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Nat Chem Biol. 2015 Jan;11(1):38-45. doi: 10.1038/nchembio.1689. Epub 2014 Nov 17.

Lipid-linked cell wall precursors regulate membrane association of bacterial actin MreB.

Author information

1
Department of Microbiology and Immunobiology, Harvard Medical School, Boston, Massachusetts, USA.
2
Department of Molecular and Cellular Biology, Harvard University, Cambridge, Massachusetts, USA.
3
Department of Microbiology, Cornell University, Ithaca, New York, USA.

Abstract

The bacterial actin homolog MreB, which is crucial for rod shape determination, forms filaments that rotate around the cell width on the inner surface of the cytoplasmic membrane. What determines filament association with the membranes or with other cell wall elongation proteins is not known. Using specific chemical and genetic perturbations while following MreB filament motion, we find that MreB membrane association is an actively regulated process that depends on the presence of lipid-linked peptidoglycan precursors. When precursors are depleted, MreB filaments disassemble into the cytoplasm, and peptidoglycan synthesis becomes disorganized. In cells that lack wall teichoic acids but continue to make peptidoglycan, dynamic MreB filaments are observed, although their presence is not sufficient to establish a rod shape. We propose that the cell regulates MreB filament association with the membrane, allowing rapid and reversible inactivation of cell wall enzyme complexes in response to the inhibition of cell wall synthesis.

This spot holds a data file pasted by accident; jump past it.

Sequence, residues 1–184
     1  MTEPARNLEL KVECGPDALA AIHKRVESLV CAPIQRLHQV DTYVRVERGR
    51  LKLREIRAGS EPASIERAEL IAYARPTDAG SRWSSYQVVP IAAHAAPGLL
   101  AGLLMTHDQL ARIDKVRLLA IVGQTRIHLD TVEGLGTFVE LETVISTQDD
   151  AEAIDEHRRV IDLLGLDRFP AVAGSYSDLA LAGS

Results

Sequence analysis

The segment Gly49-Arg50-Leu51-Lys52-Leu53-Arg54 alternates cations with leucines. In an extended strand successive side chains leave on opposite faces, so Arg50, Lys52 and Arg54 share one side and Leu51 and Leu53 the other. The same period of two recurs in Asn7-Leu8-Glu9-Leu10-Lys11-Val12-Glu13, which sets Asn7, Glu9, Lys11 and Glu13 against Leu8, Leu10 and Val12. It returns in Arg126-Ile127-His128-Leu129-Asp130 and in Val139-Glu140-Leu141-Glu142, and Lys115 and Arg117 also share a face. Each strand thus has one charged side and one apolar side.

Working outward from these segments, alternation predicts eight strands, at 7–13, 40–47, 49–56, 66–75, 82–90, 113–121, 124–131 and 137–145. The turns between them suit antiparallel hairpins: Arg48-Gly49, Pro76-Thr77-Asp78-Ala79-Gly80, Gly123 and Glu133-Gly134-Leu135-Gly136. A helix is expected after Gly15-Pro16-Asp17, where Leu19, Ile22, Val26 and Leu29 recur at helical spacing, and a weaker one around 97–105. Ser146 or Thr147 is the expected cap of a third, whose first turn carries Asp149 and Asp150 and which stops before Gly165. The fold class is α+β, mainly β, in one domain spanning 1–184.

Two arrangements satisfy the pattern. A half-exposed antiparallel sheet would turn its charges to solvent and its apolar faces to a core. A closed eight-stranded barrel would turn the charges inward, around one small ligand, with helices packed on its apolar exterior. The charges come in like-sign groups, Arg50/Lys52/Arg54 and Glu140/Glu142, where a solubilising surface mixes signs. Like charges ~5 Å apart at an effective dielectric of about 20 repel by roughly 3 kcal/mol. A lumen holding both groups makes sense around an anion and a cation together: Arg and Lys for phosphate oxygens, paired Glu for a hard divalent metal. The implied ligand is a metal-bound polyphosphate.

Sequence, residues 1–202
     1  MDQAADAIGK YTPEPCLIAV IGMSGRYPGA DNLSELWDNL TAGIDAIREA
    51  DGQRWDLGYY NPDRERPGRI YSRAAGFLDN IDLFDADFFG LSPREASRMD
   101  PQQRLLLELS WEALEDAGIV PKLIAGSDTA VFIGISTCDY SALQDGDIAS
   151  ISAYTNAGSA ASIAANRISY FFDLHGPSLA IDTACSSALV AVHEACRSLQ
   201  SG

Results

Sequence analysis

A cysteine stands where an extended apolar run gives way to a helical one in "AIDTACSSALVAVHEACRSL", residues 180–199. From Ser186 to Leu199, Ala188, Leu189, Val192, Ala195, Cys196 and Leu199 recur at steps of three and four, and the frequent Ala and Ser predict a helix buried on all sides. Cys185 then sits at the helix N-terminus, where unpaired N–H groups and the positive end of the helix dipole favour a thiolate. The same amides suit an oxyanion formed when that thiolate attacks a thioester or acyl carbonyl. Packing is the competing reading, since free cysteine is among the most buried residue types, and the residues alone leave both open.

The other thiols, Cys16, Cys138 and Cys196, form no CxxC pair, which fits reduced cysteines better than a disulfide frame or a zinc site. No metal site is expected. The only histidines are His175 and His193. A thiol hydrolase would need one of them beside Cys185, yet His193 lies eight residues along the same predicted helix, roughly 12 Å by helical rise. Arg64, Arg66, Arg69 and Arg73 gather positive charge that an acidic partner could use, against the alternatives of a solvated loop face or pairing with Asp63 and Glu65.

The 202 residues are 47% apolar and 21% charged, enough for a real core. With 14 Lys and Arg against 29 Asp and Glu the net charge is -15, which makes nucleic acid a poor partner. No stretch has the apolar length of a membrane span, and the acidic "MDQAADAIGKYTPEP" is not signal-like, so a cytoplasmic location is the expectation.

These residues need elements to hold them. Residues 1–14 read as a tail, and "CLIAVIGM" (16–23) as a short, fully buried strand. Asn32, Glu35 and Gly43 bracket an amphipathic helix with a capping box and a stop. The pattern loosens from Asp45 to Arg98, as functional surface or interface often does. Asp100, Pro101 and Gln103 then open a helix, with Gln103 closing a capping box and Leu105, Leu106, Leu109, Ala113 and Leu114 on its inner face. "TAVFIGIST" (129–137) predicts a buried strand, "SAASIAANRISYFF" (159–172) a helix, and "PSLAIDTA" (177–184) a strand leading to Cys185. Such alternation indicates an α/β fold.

PMID:
25402772
PMCID:
PMC4270829
DOI:
10.1038/nchembio.1689
[Indexed for MEDLINE]
Free PMC Article

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